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Human well-being related to marine protected areas: a global research synthesis

In the June 2019 issue of Nature Sustainability, EarthLab’s Sara Breslow and researchers from 10 other institutions share their insights gleaned from 118 peer reviewed journal articles of the effects of marine protected areas (MPAs). But their inquiry differed from most studies about MPAs – what, they asked, are the effects MPAs on human well-being? The literature is full of examples that document the ecological effects of marine protected areas, but information is lacking on the overall effects MPAs have on the human communities connected to them. 

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Spend time outdoors this summer to reap health benefits

Fresh air, lush foliage, open space, and sunshine. Time spent outdoors isn’t just good for the soul—research at UW EarthLab is showing it’s also good for the mind and body.
Even in the Pacific Northwest, where the weather is often, let’s say, less than optimal, getting out into nature brings with it a host of health benefits.
And there are plenty of options in the Seattle area, even in the heart of the city. 

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Games for Our Future Game Jam Re-cap

The Second Annual Games for Our Future Game Jam was a success! Presented by EarthLab, Seattle Indies, Seattle Serious and Social Impact Games and Pacific Science Center, the theme was Creating a Green Tomorrow. The Game Jam brought game developers and researchers together for a weekend to learn from each other and show the power of games to translate complex environmental research into a medium that is both fun and educational. 

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2019 Ocean Acidification Symposium

The Washington Ocean Acidification Center will convene its Third Biennial Science Symposium on Thursday, May 30 at the University of Washington Center for Urban Horticulture in Seattle, WA. This day-long symposium will consist of invited presentations from regional experts. Presentations will focus on new results from research relevant to ocean acidification in Washington waters, including field observations, biological experiments and modeling. 

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Time outdoors is a natural elixir. Researchers still don’t know why.

At least two decades of research confirms what might seem obvious for many residents of the Pacific Northwest: time in nature is good for you. It can lower blood pressure, alleviate depression and anxiety, and even reduce nearsightedness in children.
But how often should you interact with the natural world? Where? And for how long? Is gazing at the stars from your backyard enough to reap rewards?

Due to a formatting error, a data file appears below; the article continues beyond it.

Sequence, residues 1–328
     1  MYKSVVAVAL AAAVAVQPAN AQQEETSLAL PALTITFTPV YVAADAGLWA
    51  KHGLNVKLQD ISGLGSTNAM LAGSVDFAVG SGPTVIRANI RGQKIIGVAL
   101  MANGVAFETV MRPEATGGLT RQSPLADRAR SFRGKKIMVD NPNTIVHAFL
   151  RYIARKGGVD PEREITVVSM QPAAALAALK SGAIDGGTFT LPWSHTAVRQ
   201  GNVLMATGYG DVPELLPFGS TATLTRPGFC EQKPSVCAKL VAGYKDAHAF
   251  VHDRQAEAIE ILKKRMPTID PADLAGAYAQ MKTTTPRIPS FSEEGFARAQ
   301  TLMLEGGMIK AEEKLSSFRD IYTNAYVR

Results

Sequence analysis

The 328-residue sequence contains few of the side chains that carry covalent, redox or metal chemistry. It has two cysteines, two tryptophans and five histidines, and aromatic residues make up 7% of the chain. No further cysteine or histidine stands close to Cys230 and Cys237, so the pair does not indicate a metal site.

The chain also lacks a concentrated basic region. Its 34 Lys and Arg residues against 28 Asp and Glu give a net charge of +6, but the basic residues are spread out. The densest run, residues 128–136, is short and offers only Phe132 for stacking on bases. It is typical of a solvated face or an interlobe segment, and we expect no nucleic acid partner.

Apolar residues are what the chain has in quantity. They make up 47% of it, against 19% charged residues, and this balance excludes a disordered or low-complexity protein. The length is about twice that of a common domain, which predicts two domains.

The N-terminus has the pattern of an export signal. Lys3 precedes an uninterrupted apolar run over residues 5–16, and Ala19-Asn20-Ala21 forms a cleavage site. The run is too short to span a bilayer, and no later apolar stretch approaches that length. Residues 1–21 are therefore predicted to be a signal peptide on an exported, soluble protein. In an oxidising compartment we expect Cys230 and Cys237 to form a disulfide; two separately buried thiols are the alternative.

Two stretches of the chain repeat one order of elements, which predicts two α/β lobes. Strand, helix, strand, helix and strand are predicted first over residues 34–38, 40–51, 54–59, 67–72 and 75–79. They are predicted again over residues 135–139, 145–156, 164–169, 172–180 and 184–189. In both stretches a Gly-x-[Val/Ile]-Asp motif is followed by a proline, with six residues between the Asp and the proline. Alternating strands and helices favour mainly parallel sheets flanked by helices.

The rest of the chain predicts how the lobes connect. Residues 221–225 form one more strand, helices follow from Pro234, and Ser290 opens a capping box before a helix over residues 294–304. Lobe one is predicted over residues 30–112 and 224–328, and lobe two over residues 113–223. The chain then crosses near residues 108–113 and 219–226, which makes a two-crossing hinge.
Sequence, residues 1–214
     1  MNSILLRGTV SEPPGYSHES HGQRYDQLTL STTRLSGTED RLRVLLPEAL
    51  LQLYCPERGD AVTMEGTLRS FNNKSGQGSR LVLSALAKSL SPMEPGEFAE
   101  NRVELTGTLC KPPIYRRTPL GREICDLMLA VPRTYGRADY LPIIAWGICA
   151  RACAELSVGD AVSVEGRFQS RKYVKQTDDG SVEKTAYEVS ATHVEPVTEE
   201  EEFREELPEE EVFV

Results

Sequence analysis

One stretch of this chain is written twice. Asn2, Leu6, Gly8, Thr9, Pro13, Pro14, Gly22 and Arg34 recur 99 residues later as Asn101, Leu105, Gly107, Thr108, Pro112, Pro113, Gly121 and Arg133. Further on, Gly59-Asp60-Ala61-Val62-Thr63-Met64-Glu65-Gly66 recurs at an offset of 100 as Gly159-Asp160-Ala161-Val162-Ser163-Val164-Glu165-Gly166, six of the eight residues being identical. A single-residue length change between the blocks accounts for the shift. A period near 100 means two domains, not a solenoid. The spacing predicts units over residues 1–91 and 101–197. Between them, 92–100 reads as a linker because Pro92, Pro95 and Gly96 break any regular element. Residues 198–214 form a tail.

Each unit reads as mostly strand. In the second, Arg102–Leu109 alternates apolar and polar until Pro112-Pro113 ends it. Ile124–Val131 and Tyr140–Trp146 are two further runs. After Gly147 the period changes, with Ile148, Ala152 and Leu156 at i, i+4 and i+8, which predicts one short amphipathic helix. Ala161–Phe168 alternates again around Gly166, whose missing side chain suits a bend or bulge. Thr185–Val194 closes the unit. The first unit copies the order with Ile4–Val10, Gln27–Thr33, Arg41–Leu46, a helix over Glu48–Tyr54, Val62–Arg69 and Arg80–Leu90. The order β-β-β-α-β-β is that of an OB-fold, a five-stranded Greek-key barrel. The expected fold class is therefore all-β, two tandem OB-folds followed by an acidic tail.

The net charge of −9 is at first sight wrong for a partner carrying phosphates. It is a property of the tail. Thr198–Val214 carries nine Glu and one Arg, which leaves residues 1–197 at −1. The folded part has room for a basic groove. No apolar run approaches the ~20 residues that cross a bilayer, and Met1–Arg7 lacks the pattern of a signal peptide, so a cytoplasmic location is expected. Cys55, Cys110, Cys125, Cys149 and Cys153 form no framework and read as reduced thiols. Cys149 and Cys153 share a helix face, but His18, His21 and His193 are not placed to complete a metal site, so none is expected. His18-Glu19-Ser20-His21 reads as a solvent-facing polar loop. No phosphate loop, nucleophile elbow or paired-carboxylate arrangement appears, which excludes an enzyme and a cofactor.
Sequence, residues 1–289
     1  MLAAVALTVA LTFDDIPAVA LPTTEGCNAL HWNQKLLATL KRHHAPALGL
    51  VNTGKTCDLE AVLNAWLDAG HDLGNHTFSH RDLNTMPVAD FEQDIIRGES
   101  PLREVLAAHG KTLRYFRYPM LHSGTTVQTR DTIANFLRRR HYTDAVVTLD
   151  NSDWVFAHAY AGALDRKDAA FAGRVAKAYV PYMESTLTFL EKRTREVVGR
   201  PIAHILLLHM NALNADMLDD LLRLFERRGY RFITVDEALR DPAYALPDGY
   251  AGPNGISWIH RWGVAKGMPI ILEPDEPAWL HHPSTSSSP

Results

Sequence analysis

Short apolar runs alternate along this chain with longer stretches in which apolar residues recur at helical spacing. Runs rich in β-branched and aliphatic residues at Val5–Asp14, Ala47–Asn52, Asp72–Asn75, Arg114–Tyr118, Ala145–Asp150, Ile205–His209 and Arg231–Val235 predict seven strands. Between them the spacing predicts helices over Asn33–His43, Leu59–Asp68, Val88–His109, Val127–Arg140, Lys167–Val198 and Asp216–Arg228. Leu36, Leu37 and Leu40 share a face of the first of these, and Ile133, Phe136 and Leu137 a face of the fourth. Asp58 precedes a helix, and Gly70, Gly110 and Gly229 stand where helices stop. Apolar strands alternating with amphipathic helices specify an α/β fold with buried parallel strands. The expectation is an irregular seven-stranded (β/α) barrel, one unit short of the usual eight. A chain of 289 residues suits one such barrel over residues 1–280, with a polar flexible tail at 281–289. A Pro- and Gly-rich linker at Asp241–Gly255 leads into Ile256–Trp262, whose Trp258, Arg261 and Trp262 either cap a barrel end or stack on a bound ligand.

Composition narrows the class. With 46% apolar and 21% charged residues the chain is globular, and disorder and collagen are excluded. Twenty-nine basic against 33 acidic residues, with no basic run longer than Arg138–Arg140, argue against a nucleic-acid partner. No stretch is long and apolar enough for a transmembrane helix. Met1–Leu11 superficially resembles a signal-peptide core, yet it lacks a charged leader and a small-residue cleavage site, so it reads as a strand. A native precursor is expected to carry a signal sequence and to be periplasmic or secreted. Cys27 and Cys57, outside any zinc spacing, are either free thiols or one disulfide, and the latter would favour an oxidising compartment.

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EarthLab funds first round of Innovation Grants

Providing resources for new approaches to environmental problem solving is the focus of the first EarthLab Innovation Grants funding. Projects funded in this first round of grants will support big ideas with high potential for impact and the ability to motivate change.
“I was blown away by the breadth of topics, the quality of the proposals, and the depth of engagement with community partners,” says Phil Levin, chair of the Innovation Grants review committee.  

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EarthLab welcomes new Advisory Council to help guide actions

EarthLab is pleased to announce and welcome the inaugural members of our Advisory Council. Chaired by former Interior Secretary and REI CEO Sally Jewell, the council will help guide and advise on EarthLab’s core mission – to focus and accelerate UW’s expertise on the most pressing environmental challenges and in so doing make a positive impact on peoples’ lives and livelihoods. 

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Pollinators need people

A global study has concluded that people are essential to conserving the pollinators that maintain and protect biodiversity, agriculture and habitat.
“There’s increasing awareness of the importance of pollinators to our quality of life,” lead researcher Rosemary Hill said. “That discussion is often reduced to how to protect bees, and how to expand the amount of land managed as conservation reserves. 

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‘Underwater forecast’ predicts temperature, acidity and more in Puget Sound

Most of us rely on the weather forecast to choose our outfit or make outdoor plans for the weekend. But conditions underwater can also be useful to know in advance, especially if you’re an oyster farmer, a fisher or even a recreational diver.
A new University of Washington computer model can predict conditions in Puget Sound and off the coast of Washington three days into the future. 

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